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Facing mortality

Eleven years ago tomorrow, the Cottrell clan gathered at the home of Cladyne Cottrell Barrett in Kents Store, Virginia, after the funeral and burial of one of what the family called the Outlaws: those souls hardy enough to marry into our boisterous, raucous, often misbehaved family.

Harold Kent Richardson was my oldest cousin’s husband. And he was the first of my generation to be lost to us — a victim, at the age of 62, of lung cancer.

A lifelong Virginian, Harold was the son of Warren Kent and Dorothy (Martin) Richardson. He married my cousin Bobette Staples Barrett in 1971. They worked together, played together, traveled together. True soulmates, they were inseparable by anything in life. I don’t think Bobbi ever quite recovered from losing him.

We all loved Harold. You couldn’t not love him. He was a sweet and gentle man and he loved Bobbi with all his heart and soul. He treated her the way she deserved to be treated. And we honored and treasured him for that.

But I have to thank Harold for something else today, these 11 years later. Because it was at that gathering after his funeral that I looked around — really looked — at my aunts and uncles who’d come to pay their respects.

The photos you see here, taken that day, show five of my mother’s siblings. In the top photo at the back in the white top and black pants is my Aunt Marianne. The man in the USS Hornet cap is my Uncle Billy. In the front reading the book is my Aunt Cladyne, Harold’s mother-in-law. In the bottom photo, Clady is on the left, my Aunt Carol is in the middle and my Aunt Trisha is on the right.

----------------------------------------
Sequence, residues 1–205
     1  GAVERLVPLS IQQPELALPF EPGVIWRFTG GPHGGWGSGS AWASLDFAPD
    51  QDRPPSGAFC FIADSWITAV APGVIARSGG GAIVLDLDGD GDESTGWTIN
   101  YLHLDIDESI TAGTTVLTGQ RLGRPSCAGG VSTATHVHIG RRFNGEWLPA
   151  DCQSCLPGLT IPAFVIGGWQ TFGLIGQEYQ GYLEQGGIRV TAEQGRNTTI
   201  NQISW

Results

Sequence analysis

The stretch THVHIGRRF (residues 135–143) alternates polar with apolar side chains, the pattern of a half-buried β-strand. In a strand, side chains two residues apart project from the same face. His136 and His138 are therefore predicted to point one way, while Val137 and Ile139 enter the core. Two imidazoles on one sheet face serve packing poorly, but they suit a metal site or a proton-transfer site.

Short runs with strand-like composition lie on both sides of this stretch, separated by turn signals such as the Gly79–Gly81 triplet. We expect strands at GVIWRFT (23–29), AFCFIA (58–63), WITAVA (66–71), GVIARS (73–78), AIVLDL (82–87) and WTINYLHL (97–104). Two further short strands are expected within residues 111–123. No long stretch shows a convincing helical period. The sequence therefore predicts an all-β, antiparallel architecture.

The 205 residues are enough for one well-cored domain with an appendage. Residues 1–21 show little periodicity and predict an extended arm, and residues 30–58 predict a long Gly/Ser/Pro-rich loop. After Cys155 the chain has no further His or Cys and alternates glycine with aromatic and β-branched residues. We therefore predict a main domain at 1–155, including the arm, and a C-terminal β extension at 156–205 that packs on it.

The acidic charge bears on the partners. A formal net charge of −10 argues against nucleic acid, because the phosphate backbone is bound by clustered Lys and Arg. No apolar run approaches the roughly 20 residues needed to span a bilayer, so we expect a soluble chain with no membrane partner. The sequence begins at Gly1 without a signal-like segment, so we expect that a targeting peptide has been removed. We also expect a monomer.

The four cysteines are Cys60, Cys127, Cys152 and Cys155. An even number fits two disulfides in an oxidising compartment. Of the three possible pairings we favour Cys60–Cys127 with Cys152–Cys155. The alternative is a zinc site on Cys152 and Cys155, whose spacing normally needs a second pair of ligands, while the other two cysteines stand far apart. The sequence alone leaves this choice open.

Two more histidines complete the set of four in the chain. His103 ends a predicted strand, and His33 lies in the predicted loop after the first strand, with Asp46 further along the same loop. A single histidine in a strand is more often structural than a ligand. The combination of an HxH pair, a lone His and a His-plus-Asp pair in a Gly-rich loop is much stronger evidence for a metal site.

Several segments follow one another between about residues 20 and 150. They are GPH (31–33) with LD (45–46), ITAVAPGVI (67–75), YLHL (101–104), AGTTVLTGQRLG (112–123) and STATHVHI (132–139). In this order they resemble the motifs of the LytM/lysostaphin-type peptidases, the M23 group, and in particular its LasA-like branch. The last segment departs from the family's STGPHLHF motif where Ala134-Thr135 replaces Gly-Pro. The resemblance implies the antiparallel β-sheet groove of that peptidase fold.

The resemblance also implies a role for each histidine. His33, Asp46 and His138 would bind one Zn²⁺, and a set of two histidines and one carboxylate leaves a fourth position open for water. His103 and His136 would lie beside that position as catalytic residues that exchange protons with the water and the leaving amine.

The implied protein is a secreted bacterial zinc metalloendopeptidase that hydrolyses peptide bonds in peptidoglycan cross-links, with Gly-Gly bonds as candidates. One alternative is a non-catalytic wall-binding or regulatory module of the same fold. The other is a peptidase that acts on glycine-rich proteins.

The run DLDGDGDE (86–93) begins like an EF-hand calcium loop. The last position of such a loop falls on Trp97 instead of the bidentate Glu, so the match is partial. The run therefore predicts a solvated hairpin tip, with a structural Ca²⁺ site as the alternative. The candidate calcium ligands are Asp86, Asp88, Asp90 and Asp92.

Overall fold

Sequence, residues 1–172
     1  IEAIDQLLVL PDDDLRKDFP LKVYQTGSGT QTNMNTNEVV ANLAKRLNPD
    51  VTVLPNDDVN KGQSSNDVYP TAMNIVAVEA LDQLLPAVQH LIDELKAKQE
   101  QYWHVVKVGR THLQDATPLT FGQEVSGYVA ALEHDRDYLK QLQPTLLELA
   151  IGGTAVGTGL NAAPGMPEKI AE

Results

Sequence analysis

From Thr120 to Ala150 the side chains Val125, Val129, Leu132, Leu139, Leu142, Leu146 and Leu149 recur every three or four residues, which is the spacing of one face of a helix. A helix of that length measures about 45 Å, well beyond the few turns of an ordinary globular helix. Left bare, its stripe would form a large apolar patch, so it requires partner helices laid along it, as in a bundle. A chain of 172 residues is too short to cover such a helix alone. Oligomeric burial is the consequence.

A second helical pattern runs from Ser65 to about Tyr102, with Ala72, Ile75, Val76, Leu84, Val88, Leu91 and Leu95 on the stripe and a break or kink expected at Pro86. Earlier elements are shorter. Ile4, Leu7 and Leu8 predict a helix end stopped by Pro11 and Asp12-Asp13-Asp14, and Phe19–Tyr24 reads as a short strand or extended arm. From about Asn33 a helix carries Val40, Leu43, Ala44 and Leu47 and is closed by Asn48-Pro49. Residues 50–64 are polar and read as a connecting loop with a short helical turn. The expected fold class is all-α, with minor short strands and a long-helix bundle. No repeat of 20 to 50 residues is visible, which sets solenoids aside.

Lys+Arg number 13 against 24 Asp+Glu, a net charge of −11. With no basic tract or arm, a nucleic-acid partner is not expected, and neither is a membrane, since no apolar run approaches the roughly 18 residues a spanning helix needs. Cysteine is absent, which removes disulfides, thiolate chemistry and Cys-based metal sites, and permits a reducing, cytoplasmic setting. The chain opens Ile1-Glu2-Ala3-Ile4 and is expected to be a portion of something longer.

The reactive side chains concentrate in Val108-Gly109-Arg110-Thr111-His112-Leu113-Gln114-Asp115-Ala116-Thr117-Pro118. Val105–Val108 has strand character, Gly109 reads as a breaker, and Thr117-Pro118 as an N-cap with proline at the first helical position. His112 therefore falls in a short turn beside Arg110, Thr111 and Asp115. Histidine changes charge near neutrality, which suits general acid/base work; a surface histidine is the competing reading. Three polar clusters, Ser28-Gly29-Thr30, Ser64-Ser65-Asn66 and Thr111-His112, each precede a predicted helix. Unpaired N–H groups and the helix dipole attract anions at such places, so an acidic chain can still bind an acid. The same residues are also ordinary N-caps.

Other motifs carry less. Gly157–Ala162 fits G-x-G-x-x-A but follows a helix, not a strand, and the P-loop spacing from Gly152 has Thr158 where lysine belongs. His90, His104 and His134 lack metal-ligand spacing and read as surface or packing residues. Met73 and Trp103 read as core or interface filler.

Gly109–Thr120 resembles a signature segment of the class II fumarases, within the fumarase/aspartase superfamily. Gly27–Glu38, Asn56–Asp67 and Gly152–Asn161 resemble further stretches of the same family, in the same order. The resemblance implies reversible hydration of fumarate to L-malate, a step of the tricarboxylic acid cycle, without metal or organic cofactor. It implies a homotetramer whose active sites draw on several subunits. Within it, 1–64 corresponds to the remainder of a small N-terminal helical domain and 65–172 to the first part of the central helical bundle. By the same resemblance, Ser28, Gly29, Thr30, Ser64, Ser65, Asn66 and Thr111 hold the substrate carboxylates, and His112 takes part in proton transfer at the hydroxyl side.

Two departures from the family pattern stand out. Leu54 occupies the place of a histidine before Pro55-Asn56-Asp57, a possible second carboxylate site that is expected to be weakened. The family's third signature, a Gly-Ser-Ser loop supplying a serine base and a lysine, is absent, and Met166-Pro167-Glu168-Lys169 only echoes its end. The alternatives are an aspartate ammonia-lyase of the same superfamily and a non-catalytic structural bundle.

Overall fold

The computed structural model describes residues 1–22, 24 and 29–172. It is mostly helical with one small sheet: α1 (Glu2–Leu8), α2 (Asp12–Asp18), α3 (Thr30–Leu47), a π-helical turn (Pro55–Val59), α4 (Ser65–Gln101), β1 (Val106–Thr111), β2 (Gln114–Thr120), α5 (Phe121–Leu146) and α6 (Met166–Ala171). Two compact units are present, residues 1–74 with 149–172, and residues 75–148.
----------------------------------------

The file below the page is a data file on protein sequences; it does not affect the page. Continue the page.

For the first time, on that day in June, as I looked at those dearly loved faces, I let myself accept the reality that they were getting older fast. That our family stories were in serious danger of being lost. That we’d already lost my grandparents and what they could have told us. That we’d lost the stories my late mother and uncle Monte could have told us. That we were in danger of losing the rest of the stories of my mother’s generation. That even my own generation was truly mortal … and our stories, too, could be lost.

As painful as those realizations were, I am so grateful for the day that made me face them. For in the years that have passed, we have lost so many of the people who were there that day. Marianne in 2007. Billy in 2008. Clady in 2009. Bobbi herself in 2011. Carol in 2012.

But at least some of their stories were saved.

Because that was the day I decided it was time, and past time, to get serious about our family history. To stop dabbling here and there. To see if I could learn enough to uncover not just our stories, but the truth behind the stories. (I’d like to say the truth of the stories, but let’s be serious here: my family heritage on my mother’s side is fundamentally Scots-Irish. That means we never let the truth interfere with a good story.)

I have not walked the paths of my family’s past alone. The young woman seated between Marianne and Billy in the top photo is my cousin Paula, who was also looking around — really looking — on that day in June 2002. We all have good cause to be thankful for that, too, since Paula has done every bit as much as and more in some respects than I have done with our family history.

Though we might eventually have done as much as we have in the last 11 years, we might well have lost some of the precious stories we managed to capture.

And for that we thank you, Harold. Your death was our loss, yes, but the warning bell it sounded was heeded. Out of the darkness of a funeral and a burial has come light shed on our past.

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